Sunday, 20 September 2015

Britain in 1815

David Wilkie, Chelsea Pensioners Reading the
Despatch from Waterloo
With the defeat of Napoleon at Waterloo on 18 June 1815 Britain emerged the victor after a war of twenty-two years. The census of 1811 had revealed a population of 17. 8 million and this population was rising rapidly, presenting the nation with both challenges and opportunities. 

Britain comprised three nations: England and Wales, Scotland, and Ireland. The union of the English and Scottish Parliaments in 1707 had created the nation of Great Britain. The Union of the British and Irish Parliaments in 1801 had created the United Kingdom of Great Britain and Ireland. In England and Wales and in Ireland the Church of England was the established Church. In Scotland the established Church was the Presbyterian Church of Scotland. Anglican (Church of England) bishops sat in the House of Lords, though the representatives of other denominations did not.

Britain was the only industrialised nation, though this industrialisation was far from complete. The population was shifting dramatically from the south to the north, the Midlands, and the central belt of Scotland. The 1851 census would reveal that the majority of people were living in rural rather than urban areas. Industrialisation was focused on textiles, especially cotton, powered by steam derived from coal. Goods were transported from one part of the country to another by sea, canals, and the river systems. The strength of the Royal Navy created safe shipping routes that enabled the importing and exporting of goods and raw materials. 

Britain was also the greatest imperial power the world had ever seen.  The British Empire now comprised Canada, many Caribbean islands and a large area of India. From the Napoleonic wars she had gained Trinidad, Ceylon, and the Cape of Good Hope. The colonies supplied raw materials such as sugar and tea and provided a market for British goods.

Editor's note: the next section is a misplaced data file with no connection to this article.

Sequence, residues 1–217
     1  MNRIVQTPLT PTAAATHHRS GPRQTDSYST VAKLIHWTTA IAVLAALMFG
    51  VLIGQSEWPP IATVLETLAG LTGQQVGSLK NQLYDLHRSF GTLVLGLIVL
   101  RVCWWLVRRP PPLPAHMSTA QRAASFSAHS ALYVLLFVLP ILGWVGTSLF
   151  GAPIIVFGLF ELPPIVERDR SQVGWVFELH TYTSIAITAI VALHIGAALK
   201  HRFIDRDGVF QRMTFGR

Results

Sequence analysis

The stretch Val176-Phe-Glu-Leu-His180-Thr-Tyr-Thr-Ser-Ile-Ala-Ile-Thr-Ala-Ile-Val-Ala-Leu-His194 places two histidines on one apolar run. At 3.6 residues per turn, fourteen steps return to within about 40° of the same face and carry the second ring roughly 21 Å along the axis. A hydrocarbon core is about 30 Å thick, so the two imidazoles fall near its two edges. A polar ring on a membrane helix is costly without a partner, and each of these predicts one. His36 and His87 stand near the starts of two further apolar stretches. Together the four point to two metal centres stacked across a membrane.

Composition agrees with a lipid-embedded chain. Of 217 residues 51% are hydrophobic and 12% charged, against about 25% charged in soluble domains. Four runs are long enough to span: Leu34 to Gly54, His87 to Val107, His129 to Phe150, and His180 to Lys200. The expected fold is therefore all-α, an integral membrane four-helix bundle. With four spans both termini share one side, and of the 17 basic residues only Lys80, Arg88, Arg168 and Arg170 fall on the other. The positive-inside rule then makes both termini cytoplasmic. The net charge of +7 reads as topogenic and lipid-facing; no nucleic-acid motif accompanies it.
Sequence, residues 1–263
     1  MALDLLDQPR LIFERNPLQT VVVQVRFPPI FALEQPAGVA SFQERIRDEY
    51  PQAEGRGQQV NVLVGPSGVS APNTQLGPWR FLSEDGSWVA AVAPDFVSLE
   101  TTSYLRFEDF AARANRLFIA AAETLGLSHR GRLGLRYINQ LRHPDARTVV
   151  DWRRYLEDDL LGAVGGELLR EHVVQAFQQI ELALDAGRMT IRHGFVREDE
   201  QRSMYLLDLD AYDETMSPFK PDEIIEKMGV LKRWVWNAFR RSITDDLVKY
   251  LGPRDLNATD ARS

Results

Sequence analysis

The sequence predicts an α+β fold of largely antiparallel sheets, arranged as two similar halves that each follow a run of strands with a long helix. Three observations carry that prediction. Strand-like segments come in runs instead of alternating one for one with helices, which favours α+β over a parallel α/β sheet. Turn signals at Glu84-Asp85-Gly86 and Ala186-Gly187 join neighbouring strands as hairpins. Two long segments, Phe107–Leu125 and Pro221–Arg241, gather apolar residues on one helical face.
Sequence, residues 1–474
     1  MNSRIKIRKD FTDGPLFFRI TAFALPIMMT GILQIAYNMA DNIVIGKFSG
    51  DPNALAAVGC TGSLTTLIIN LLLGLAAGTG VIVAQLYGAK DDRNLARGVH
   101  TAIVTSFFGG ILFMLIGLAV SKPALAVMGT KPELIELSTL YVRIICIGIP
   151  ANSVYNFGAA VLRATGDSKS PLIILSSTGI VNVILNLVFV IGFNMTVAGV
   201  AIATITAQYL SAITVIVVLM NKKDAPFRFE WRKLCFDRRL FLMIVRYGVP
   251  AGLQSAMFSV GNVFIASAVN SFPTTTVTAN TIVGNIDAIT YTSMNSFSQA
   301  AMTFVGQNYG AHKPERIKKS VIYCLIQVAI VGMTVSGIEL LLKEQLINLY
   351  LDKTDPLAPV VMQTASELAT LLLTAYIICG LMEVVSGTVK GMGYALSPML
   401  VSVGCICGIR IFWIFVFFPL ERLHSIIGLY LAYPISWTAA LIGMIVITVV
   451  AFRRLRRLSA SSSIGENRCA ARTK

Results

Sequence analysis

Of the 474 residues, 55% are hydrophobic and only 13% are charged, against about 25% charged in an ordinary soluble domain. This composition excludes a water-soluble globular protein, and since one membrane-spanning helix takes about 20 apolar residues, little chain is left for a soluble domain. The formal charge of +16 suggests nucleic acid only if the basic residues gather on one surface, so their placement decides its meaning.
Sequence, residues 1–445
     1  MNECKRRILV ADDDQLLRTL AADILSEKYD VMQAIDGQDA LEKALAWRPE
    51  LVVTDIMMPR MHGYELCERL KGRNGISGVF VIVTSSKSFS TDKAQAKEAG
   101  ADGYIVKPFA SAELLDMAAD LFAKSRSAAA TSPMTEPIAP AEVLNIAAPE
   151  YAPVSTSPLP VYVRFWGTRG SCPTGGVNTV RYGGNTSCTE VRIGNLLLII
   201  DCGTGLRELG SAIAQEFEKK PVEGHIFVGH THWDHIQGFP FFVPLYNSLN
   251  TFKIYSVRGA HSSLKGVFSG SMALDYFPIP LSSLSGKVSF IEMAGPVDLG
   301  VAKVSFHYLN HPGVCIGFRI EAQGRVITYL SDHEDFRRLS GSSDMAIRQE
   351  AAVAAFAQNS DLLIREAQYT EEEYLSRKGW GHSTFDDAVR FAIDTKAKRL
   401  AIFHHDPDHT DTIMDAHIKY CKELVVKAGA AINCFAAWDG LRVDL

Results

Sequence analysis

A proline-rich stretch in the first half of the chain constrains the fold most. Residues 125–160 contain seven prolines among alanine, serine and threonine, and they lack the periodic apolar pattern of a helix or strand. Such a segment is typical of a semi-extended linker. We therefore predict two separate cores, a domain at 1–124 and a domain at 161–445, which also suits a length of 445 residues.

Britain was far from being a democracy, but the building blocks of democracy were already in place and Britons prided themselves on being the freest people in the world. With the exception of a few restrictions, the press was free, and often vociferous in its criticisms of the government. The judiciary was largely independent. However, the monarch (the Prince Regent in 1815) retained many prerogative powers, and politics was dominated by the aristocracy, the owners of the great landed estates. Many members of the House of Commons owed their position to peers. The Church of England possessed considerable monopoly powers and neither Protestant Dissenters nor Roman Catholics could be members of Parliament. 

This meant that at a time of economic dynamism and imperial expansion, Britain’s political structure was locked into that of an earlier period. With only about 3 per cent of the population having the vote, most people were excluded from the political process. From the time of the French Revolution, radical agitation had been a threat to existing power structures and this radicalism was to pose an increasing threat in the harsh conditions of the years after Waterloo. The radical, Samuel Bamford, was to write: 
‘While the laurels were yet cool on the brows of our victorious soldiers ... the elements of convulsion were at work among the masses of our labouring population.’